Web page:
EDITORIAL: Next time will be too late to know how to get vaccine to the poor

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No doubt managing the next pandemic will be much easier.

That’s cold comfort to millions of people in Colorado trying to navigate what seems like an endless torrent of frightening medical details, regulations, dire economics, illness, lost loved ones and now, muscling through confusion about vaccinations.

Even now, a year into the pandemic and with no clear end in sight, state, local and federal health officials have a better understanding that the nation has to mask up at the first sign of an outbreak, not months into one.

We know that cities, states and the nation must stockpile enough functioning, effective protective gear to actually prevent the spread of a pandemic. That certainly didn’t happen this time.

We know we must immediately fund the payrolls of businesses directly affected by a pandemic — and wait to fund businesses and organizations either unaffected or indirectly impacted by having to shut down places where people contact other people in a way that spreads disease.

We know that it’s not enough to just ask people to use good sense and avoid close contact with friends and family no matter how much they miss summer parties, get-togethers and a night on the town.

All of those delayed, absent or clumsy attempts only led to a second wave of the pandemic that has killed thousands here in Colorado.

State and local officials could already create a guidebook for better managing a pandemic while the world must wait for development of a vaccine or cure.

For the most part, Colorado has been fortunate in how state and local officials have managed the pandemic, wishing they knew then what we all know now. Colorado, despite setbacks and struggles, has kept ahead of the rest of the nation in slowing the spread of the virus.

Unfortunately, Colorado, and the rest of the nation, is now learning how to manage vaccine distribution on the fly.

In the big picture, it’s good fortune that Colorado is having to sort out how to equitably and immediately distribute vaccines to millions of residents under chaotic and confusing conditions.

But with so much at stake — lives, tens of thousands lives — Colorado and local governments must do more now to ensure hard-to-reach populations are inoculated as the vaccines roll out.

Currently, the state is passing out vaccinations only to those 70 and older. Soon, more recipients, including teachers and those over 65, will be eligible for vaccination.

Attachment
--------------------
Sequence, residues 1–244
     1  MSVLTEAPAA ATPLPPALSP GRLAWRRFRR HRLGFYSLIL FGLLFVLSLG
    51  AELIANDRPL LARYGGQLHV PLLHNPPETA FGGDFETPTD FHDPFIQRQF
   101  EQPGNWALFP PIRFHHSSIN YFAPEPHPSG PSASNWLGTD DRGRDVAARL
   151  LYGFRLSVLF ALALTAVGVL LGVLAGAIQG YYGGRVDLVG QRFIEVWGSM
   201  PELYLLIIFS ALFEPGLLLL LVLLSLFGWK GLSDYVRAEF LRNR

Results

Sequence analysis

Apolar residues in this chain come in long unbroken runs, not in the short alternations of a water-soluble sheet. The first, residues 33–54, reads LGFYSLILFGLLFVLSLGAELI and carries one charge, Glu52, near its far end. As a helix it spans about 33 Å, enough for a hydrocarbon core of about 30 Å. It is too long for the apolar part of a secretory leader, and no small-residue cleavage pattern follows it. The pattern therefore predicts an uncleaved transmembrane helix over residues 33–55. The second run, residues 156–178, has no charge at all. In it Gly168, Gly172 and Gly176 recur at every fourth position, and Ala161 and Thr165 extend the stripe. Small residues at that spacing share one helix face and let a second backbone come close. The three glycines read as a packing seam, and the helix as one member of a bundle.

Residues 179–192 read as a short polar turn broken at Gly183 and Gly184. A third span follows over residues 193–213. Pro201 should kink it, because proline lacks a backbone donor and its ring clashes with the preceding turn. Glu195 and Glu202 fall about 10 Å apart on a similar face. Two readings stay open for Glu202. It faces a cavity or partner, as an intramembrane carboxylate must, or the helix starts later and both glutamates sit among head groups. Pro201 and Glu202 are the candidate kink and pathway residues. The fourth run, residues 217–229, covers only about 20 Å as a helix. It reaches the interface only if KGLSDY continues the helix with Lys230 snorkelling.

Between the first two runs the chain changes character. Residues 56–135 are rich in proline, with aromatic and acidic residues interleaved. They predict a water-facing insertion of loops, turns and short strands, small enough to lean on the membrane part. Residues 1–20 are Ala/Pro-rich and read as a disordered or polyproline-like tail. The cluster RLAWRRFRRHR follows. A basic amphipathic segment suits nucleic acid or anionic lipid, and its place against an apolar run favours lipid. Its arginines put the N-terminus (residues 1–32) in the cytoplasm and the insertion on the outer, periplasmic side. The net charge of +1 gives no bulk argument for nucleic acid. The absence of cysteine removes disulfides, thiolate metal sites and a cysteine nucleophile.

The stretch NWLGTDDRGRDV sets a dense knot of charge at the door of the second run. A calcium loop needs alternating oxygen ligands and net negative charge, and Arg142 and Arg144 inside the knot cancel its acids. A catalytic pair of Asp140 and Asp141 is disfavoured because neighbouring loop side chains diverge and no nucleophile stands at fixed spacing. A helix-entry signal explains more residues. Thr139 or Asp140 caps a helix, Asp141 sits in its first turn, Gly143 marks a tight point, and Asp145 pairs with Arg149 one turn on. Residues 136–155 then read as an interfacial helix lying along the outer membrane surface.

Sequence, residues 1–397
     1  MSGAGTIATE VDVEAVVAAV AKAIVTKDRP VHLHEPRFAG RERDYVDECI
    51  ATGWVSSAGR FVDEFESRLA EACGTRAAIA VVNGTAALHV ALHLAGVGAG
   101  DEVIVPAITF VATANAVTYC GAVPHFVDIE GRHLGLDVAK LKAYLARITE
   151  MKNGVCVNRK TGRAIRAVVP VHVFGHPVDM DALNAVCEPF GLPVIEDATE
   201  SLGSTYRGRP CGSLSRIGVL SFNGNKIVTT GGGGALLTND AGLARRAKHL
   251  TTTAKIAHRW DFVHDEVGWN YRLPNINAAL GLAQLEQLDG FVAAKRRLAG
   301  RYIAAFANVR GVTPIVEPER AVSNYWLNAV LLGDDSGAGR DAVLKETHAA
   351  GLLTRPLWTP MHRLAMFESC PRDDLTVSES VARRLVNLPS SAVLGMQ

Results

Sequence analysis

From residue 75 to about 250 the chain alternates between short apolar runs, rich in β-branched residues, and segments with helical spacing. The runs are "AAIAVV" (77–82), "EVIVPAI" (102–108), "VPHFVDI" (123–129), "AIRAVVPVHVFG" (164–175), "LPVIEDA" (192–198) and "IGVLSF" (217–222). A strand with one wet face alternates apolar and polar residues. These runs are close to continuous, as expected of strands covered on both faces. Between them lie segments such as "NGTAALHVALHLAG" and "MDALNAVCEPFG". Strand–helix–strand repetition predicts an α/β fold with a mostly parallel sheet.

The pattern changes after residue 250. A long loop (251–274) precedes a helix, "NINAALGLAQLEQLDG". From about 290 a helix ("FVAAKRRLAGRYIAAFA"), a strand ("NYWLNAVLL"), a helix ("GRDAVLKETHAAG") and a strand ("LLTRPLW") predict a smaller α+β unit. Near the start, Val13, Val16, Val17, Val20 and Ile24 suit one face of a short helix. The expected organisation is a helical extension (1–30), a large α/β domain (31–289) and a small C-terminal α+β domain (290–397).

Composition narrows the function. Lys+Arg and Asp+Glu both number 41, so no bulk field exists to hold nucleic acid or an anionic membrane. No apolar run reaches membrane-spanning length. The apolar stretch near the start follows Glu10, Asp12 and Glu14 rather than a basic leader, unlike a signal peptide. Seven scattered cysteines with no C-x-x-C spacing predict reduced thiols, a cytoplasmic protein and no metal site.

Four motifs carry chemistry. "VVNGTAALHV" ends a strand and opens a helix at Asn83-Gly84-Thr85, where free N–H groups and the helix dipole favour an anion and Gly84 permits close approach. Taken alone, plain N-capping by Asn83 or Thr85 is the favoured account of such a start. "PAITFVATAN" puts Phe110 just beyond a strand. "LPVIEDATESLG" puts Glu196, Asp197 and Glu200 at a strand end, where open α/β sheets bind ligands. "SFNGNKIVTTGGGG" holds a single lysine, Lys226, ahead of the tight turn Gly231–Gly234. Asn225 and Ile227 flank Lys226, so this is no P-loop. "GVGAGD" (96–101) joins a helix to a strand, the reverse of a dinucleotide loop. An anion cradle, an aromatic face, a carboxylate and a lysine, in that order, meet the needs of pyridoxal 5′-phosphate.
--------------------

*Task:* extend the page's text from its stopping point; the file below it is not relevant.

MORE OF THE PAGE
While it appears that as many as 70 percent of eligible older people in parts of the Aurora region have had at least their first vaccination, the rate drops to a dismal 10 percent in parts of the region where mostly poorer, minority seniors live.

That’s dangerous for those people and the community.

Rather than set up an independent inoculation system, similar to COVID-19 testing sites, Colorado quickly integrated vaccine shipments to existing health care providers, such as Kaiser, Health One and other large systems.

The state has been slower in reaching out to a large population of immigrants, minorities and poorer seniors who live in a world far outside of convenient and steadfast health care. While efforts to incorporate STRIDE and Salud clinic systems are a good start, Tri-County Health, the state health department and even Aurora must find other ways to inform this hard-to-reach community that they need to vaccinate and help them make it happen.

For many, it’s not just a matter of getting an appointment. It can mean finding transportation, juggling job or childcare responsibilities, losing critical money from lost time at work or even understanding how the system works.

This isn’t a problem that affects just the elderly in these communities. As more people become eligible for the vaccine, health officials will almost certainly have to find ways to ensure these populations, often the most vulnerable to the effects of the pandemic, are equally included in the vaccination roll out.

Many of these people are especially susceptible to not only the economic effects of the pandemic, but they are generally at higher risk for illness and death caused by COVID-19.

Lessons learned for next time will be too late for too many. Tri-County, Aurora and the state need to master now what they need to do to save lives in the next few weeks and months, equitably.

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